CIVIL APPEAL NO. 8375 OF 2016
                 (ARISING OUT OF SLP (C) NO. 14933 OF 2010)

                        CIVIL APPEAL NO. 8376 OF 2016
                 (ARISING OUT OF SLP (C) NO. 14964 OF 2010)

                        CIVIL APPEAL NO. 8377 OF 2016
                 (ARISING OUT OF SLP (C) NO. 27017 OF 2011)

                                    A N D

                        CIVIL APPEAL NO. 8378 OF 2016
                 (ARISING OUT OF SLP (C) NO. 27670 OF 2011)


                               J U D G M E N T

A.K. SIKRI, J.
                 Leave granted in the special leave petitions.

The appellant Madhya Pradesh State Road Transport  Corporation  (for  short,
the 'Corporation') is a public sector undertaking of  the  State  of  Madhya
Pradesh and undertakes the work of carrying passengers  from  one  place  to
another within and outside the State of Madhya Pradesh.   As  the  appellant
Corporation  was  running  into  losses,  the  State   Government   obtained
permission from the Department of Road Transport & Highways of the  Ministry
of Shipping, Road Transport & Highways, Government of India for  winding  up
of the appellant Corporation.  This permission was given by  the  Government
of India on March 23, 2005 with the following directions:
“The State Government shall ensure and be  fully  responsible  for  ensuring
compliance of any existing/future orders passed by various  court  including
Tribunal in any/all matters relating to MPSRTC.   The  State  Government  is
also advised to safe guard the interest of employees of MPSRTC.”

Considering the closure of the  Corporation,  the  Managing  Director,  vide
S.No. 1452 (Karmik-2)Stha-B/2005, Order No. 28, introduced a  Scheme  called
as Voluntary Retirement from Service (for short, 'VRS')  for  the  employees
of the Corporation.  The said Scheme was to come into force  from  July  01,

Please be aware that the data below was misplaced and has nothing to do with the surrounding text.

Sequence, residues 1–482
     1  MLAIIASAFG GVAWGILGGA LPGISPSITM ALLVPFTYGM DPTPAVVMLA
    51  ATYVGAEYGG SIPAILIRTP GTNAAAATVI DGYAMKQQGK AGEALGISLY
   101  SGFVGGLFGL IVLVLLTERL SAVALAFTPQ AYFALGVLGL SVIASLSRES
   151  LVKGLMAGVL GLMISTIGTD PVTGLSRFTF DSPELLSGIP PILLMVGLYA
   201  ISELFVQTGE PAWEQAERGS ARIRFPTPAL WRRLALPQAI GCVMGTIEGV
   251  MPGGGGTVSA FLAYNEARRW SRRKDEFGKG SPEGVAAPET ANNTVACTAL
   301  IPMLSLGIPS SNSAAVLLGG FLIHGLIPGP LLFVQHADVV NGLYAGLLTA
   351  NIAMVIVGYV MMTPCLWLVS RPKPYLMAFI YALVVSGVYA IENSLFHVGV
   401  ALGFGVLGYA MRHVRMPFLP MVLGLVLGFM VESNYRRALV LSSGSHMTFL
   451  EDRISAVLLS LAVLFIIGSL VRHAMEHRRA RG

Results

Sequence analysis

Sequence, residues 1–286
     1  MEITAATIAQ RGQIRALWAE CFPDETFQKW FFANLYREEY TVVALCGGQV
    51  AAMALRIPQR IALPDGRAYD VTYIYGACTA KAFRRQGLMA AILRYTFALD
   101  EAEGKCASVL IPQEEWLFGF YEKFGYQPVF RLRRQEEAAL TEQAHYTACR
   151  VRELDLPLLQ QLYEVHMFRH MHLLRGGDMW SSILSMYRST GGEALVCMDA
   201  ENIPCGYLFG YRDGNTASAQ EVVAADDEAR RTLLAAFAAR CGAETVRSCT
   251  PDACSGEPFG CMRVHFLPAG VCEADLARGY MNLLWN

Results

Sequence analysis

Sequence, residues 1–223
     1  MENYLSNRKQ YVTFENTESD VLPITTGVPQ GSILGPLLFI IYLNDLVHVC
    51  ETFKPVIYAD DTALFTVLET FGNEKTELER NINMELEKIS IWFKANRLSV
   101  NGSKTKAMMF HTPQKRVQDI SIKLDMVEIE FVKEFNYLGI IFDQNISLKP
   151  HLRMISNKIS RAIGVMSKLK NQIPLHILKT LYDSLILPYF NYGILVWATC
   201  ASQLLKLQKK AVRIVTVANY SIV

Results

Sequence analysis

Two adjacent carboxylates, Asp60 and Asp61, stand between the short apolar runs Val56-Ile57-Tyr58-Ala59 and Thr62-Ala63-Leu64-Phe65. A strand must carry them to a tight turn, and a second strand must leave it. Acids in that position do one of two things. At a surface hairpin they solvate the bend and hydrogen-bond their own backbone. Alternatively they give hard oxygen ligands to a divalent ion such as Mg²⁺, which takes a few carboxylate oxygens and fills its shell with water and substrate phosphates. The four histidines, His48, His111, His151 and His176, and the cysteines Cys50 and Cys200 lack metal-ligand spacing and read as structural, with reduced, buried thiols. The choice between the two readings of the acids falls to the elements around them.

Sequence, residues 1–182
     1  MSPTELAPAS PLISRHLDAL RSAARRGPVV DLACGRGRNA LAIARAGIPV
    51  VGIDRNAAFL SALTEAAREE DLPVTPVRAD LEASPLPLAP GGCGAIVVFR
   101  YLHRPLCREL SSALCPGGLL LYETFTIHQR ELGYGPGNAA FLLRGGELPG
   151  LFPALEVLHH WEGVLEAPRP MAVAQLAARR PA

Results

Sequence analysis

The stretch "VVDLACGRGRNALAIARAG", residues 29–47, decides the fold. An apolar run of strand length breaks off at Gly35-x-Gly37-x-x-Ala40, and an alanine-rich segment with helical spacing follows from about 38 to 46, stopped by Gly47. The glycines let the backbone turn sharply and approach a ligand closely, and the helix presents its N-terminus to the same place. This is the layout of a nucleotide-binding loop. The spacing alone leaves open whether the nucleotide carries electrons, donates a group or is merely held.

2005.  The relevant clauses, for the purpose of the instant appeals, are  as
under:
“4.  Scheme: (i)  All the candidates –  employees,  shall  be  permitted  to
give their option under this Scheme upto 1.8.2005 in Form (ka),  along  with
in Form Kha.   Nomination  Form  shall  also  have  to  be  filled  up.  The
Management shall have this right, that they may on the basis of the  reasons
to be given in writing, but without intimating any reason to the  applicant,
may accept the Voluntary Retirement from Service or  reject,  against  which
no provision of any appeal, relief shall be vested.

(ii)  In the following matters,  on  receipt  of  the  option  of  Voluntary
Retirement from Service, on the basis of merits,  decision  shall  be  taken
for consideration:

(ka)   Whether  against  the  employee   concerned   of   the   Corporation,
Administrative action is either pending or is 'anudhyat'.

(Kha)  Where, in any criminal court, any proceeding is pending,  or  in  any
Court, is in process before hand.

(ga)  Employee, who in the normal course has given  the  resignation  letter
from the service of the Corporation, or has given.

(gha)  Employee, who against the Corporation has initiated judicial  action,
or is going on, and till such action is not  rejected  or  finished  by  the
Court.

(kha)  Application for option presented after dated 1.8.2005.

(iii)  Under the Scheme, the option once given by the  employee,  shall  not
be permissible to be changed or taken back.

(iv)  The Management, by  accepting  once,  the  Voluntary  Retirement  from
Service of which employee has intimated to the employee,  in  this  respect,
then he shall not be entitled to employment on  contract,  or  otherwise  in
service of the State Government, or in the Service of  the  Corporation,  or
in its attached  Company,  active  Companies,  i.e.  the  employee  in  this
scheme, in the Public Service, as defined, shall not be entitled to ask  for
employment.

                          xx          xx         xx

As per clause 4(1) of the said Scheme, the  option  was  to  be  given  till
1.8.2005.  In other words one month time was given to decide either  to  opt
for VRS Scheme or not to opt.

Clause 4(ii) of the order clearly  provided  that  “under  the  Scheme,  the
option once given by the employee, shall not be permissible  to  be  changed
or taken back.””

It becomes  manifest  from  the  provisions  of  the  aforesaid  Scheme,  it
provided  certain  conditions  and  also  a  specific  form  in  which   the